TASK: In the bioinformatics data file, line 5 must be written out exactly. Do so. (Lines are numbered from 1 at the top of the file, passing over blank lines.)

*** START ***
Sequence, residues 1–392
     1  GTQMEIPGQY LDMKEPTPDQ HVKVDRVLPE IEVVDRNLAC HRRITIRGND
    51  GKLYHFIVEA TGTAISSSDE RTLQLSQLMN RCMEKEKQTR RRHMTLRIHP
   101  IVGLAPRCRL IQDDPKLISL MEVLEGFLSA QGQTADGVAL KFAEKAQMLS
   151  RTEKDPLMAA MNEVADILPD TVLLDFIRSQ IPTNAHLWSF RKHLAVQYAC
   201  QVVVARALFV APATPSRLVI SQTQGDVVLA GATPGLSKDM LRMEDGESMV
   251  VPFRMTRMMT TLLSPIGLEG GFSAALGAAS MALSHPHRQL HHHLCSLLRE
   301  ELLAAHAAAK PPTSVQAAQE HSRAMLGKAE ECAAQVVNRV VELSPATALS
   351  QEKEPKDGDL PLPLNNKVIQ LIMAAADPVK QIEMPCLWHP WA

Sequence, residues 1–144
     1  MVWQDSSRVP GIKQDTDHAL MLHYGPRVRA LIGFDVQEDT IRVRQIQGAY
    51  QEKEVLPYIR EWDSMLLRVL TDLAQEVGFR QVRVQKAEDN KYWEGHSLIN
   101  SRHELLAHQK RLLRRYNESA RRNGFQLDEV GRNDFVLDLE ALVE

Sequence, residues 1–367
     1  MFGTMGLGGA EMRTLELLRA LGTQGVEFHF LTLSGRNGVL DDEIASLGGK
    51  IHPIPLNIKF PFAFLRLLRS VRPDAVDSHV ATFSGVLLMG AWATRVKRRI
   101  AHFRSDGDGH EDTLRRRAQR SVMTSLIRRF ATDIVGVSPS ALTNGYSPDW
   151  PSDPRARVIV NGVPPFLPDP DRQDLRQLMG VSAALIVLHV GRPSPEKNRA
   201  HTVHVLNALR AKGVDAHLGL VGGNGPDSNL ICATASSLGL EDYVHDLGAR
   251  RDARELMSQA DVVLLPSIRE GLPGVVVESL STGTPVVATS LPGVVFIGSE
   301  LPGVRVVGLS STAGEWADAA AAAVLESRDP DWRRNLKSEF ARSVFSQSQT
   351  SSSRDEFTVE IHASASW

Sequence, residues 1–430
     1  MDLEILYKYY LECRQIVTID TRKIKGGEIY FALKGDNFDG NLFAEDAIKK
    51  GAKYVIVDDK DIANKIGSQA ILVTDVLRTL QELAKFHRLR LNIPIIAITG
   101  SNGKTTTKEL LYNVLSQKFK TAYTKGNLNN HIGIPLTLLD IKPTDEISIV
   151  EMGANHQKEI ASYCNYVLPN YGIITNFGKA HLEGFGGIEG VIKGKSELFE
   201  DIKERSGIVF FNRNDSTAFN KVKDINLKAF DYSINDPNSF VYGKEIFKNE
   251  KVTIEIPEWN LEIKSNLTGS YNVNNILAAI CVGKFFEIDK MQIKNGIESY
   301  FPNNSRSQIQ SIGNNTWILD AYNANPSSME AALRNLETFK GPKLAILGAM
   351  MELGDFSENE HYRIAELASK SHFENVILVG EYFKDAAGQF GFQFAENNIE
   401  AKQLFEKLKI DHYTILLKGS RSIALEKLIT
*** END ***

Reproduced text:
   151  RTEKDPLMAA MNEVADILPD TVLLDFIRSQ IPTNAHLWSF RKHLAVQYAC